Rich Tucker

Maybe, like one of those old recruiting posters with Uncle Sam pointing his finger at you, the picture really does change depending on where you stand.

Columnist David Broder -- famed as the “dean of the Washington press corps” -- noted in The Washington Post that all the trash containers in sight at the Republican National Convention were labeled “recycle only.” So, he wrote, it only made sense that Republicans recycled, too.

“They decided to treat the delegates and a national television audience to speeches by three of the most familiar and weather-beaten figures in American politics,” Broder wrote, namely President Bush, Fred Thompson and Joe Lieberman.

That’s an interesting way of looking at the Republican National Convention, especially since it comes just one week after a real recycle-fest.

In Denver, Barack Obama -- self-declared agent of change -- cribbed heavily from John Kerry’s talking points four years ago. To take just one example, Obama insisted (as Kerry had) that the war in Iraq was a distraction from “the fight against the terrorists who actually attacked us on 9/11,” in Afghanistan.

Well, if Obama wants to nail his colors to the mast of the same ship Lt. John Kerry guided to defeat in 2004, good luck to him. Maybe, to torture the metaphor, the community organizer from Illinois will even be able to pilot that ship safely into port. Still, the fact remains that there’s very little change and plenty of recycling happening on the left.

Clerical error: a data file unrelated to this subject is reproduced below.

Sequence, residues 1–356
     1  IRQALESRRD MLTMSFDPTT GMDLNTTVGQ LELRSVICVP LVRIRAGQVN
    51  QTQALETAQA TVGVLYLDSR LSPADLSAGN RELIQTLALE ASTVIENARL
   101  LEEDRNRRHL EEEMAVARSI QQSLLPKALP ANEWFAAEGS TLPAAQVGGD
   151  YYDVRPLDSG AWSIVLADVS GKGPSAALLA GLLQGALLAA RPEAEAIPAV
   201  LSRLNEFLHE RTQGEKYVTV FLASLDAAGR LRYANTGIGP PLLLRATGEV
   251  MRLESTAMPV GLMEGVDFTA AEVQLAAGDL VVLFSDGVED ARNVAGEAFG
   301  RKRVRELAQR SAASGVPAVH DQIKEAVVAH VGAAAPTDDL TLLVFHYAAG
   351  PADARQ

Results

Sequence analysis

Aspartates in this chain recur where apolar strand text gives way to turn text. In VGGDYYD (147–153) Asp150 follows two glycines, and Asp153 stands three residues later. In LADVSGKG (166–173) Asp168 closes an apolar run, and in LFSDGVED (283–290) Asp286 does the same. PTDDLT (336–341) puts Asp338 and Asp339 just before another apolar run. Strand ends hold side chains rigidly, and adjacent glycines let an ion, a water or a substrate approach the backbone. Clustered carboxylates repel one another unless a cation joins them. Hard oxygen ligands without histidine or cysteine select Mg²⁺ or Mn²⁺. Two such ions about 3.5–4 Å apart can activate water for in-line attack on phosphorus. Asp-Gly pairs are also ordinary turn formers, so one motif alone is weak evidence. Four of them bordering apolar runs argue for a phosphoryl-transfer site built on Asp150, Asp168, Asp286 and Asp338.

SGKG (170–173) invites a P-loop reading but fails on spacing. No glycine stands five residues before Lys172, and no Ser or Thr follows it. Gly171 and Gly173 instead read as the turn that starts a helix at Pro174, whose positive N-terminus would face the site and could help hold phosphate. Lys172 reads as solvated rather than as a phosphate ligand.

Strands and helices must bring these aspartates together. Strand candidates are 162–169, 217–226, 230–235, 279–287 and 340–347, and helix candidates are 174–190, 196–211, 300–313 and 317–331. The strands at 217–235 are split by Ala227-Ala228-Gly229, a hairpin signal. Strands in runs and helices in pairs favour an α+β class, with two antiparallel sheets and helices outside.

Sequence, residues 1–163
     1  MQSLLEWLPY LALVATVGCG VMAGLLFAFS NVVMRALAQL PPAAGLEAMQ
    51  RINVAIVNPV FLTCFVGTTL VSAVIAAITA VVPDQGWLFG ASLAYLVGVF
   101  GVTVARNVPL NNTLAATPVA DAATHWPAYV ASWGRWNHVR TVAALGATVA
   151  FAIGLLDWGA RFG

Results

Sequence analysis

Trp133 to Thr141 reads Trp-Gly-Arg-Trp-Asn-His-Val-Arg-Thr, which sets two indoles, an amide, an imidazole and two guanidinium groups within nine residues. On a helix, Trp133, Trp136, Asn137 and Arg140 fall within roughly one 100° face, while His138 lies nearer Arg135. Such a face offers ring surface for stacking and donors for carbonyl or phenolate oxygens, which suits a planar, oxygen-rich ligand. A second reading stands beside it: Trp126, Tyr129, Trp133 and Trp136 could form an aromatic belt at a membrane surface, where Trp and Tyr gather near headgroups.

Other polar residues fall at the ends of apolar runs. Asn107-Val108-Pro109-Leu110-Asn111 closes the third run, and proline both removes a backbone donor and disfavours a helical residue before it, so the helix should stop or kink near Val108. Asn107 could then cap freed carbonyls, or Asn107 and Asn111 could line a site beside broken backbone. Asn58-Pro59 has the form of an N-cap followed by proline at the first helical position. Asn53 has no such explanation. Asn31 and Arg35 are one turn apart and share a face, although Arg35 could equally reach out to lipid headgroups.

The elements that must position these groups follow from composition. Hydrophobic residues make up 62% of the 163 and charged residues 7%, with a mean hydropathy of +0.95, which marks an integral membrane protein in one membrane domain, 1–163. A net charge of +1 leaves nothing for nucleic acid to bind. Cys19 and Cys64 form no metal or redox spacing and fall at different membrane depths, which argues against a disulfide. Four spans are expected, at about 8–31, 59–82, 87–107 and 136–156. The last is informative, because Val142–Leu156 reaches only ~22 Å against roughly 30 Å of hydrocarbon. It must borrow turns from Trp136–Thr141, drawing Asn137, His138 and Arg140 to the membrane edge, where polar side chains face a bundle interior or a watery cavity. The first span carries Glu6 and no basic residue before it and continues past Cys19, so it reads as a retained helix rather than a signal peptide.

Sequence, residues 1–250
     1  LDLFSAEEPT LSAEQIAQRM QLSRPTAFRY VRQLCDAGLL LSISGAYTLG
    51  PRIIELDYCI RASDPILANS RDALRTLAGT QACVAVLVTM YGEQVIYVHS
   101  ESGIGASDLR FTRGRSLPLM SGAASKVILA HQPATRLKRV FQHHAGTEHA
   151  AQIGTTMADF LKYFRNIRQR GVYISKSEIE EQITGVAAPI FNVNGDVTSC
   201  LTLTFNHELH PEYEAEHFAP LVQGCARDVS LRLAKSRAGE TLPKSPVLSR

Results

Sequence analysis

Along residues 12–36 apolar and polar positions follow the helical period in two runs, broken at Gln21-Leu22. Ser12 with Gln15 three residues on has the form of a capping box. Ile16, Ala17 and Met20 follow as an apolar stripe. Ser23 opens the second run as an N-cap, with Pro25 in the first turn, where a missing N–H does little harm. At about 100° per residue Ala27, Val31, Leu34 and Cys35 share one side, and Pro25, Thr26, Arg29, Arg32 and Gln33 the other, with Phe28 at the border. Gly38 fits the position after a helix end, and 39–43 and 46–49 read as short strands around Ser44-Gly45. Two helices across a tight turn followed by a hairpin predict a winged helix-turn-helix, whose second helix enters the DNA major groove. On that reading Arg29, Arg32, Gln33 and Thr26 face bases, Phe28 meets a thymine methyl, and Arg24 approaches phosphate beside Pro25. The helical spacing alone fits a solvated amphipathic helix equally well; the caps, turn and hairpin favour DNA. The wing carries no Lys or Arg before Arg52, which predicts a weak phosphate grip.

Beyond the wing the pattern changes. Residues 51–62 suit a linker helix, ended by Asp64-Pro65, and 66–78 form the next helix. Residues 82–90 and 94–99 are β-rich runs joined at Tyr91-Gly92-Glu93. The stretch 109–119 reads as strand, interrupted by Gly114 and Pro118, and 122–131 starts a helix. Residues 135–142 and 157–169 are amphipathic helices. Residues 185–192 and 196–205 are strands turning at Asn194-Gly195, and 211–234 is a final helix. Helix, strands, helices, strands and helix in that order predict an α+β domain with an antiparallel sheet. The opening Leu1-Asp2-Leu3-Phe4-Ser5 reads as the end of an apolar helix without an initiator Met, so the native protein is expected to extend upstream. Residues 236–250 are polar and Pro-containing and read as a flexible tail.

And while Broder’s correct that Lieberman is indeed a veteran at addressing national political gatherings, his role in this one was anything but “recycled.” Here’s a man who never left the Democratic Party, but watched sadly as it left him. Lieberman came within a whisker of being elected vice president as a Democrat in 2000, yet was here to extol the qualifications of a member of the opposite party. That’s unique in the history of American politics.

Meanwhile, the GOP introduced Sarah Palin, the fresh young governor of Alaska, as its vice presidential candidate. Say what you want about Palin’s experience or lack thereof, but she’s anything but recycled.

In fact, the only parts of this convention that felt like we’d heard them before were the repeated references to McCain’s time as a prisoner of war in North Vietnam. It’s a moving story, well told by Thompson, Palin and McCain himself.


Rich Tucker

Rich Tucker is a communications professional and a columnist for Townhall.com.